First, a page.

NBA Finals Opener Hits 10-Year Low, Hurt Without Toronto Market
ABC drew a 10.1 overnight rating for the Raptors' 118-109 win over the Warriors in Game 1 of the NBA Finals, down 18% from a 12.3 for the Warriors-Cavaliers opener last year, which went to overtime. Canadian figures are not included in Thursday's figures, as the Toronto market is not Nielsen-rated. Two years ago, Warriors-Cavs Game 1 drew a 12.4, while the '16 Cavs-Warriors matchup drew a 13.1 overnight. Thursday night's game marks the lowest NBA Finals Game 1 since Lakers-Magic drew an 8.9 overnight in '09. Thursday's rating still would eclipse the 8.0 for the Spurs-Cavaliers opener in '07 or the 9.3 for Heat-Mavericks in '06 (9.3). S.F.-Oakland-San Jose led all markets for Thursday with a 26.4 rating, but it was the lowest for Game 1 there for the five times the Warriors have been in the Finals. Last year drew a 31.1, '17 drew a 30.9, '16 a 32.8 and '15 a 28.9. Thursday's game, which peaked at an 11.0 rating from 11:30-11:45pm ET, marks the 65th straight time that the NBA Finals has won the night across all TV (Josh Carpenter, THE DAILY). The Athletic's Richard Deitsch notes it was "no surprise" the Game 1 final would be down, as the series "needs length to overcome the Toronto market not rated by Nielsen and the absence of LeBron" (TWITTER.com, 5/31). CNBC's Eric Chemi prior to Game 1 said, "If and when these ratings are lower, they've got an easy scapegoat" ("The Exchange," CNBC, 5/30).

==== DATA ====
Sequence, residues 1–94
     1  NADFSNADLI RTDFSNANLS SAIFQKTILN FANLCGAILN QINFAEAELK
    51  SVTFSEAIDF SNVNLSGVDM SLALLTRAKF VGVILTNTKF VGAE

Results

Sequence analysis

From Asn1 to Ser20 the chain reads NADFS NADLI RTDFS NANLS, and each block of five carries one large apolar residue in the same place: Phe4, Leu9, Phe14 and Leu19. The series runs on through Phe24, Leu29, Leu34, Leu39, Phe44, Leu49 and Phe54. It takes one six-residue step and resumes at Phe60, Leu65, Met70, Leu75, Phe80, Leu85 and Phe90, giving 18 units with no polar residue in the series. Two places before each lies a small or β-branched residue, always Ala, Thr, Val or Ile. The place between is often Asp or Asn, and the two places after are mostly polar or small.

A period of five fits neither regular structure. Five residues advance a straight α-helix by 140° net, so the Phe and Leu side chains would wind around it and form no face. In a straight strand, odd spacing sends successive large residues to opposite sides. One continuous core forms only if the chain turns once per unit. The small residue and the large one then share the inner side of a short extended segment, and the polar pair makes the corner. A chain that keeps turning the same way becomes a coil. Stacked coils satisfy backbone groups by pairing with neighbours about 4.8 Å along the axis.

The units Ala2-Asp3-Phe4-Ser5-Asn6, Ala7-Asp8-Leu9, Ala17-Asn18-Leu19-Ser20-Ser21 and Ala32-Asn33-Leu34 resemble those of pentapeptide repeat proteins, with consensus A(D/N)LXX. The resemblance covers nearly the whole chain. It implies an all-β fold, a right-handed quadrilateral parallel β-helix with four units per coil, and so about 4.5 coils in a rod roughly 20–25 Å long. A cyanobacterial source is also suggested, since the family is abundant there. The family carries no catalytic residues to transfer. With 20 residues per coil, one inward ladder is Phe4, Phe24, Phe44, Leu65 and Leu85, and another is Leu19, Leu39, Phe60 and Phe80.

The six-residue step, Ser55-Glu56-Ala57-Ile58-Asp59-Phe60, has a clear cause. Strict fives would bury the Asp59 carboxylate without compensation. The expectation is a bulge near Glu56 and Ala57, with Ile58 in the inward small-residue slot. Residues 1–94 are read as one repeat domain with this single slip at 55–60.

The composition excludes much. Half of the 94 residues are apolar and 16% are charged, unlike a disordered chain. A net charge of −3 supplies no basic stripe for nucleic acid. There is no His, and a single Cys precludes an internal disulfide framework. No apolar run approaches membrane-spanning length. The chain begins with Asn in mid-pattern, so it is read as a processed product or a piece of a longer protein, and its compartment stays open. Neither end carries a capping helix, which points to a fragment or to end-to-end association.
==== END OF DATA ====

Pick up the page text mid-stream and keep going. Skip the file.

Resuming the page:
HOMETOWN TEAM? In Buffalo, Alan Pergament notes the Raptors' "proximity to Western New York" led to a rise in viewership on WKBW-ABC compared to last year's Game 1. The 8.4 local rating that Warriors-Raptors Game 1 drew was up nearly 10% from Warriors-Cavs Game 1 in '18. The ratings also tied the 8.4 local rating for Game 1 of the Blues-Bruins Stanley Cup Final Game 1 on Monday. The battle over whether basketball or hockey is more popular in the region "ended up in a split decision last year," but it "should be more interesting this year with the Raptors playing less than 100 miles away" (BUFFALONEWS.com, 5/31).
SUPER TEAM: SI.com's Jimmy Traina wrote the run that ESPN's Mike Breen, Jeff Van Gundy and Mark Jackson have had calling the NBA Finals "has gone a bit unnoticed." Last night marked the 11th Finals that the trio has called for ABC/ESPN. This year will be Van Gundy's 13th Finals as an analyst, and Breen's 14th as a play-by-play man. When it "comes to analysts, you have to go back to the days of Bill Russell and Rick Barry" in the '70s and '80s to "find any who have worked more than four NBA Finals." When early June "rolls around, we know we're getting Breen, Van Gundy and Jackson in our living rooms for several nights and there is something refreshing about that familiarity" (SI.com, 5/30).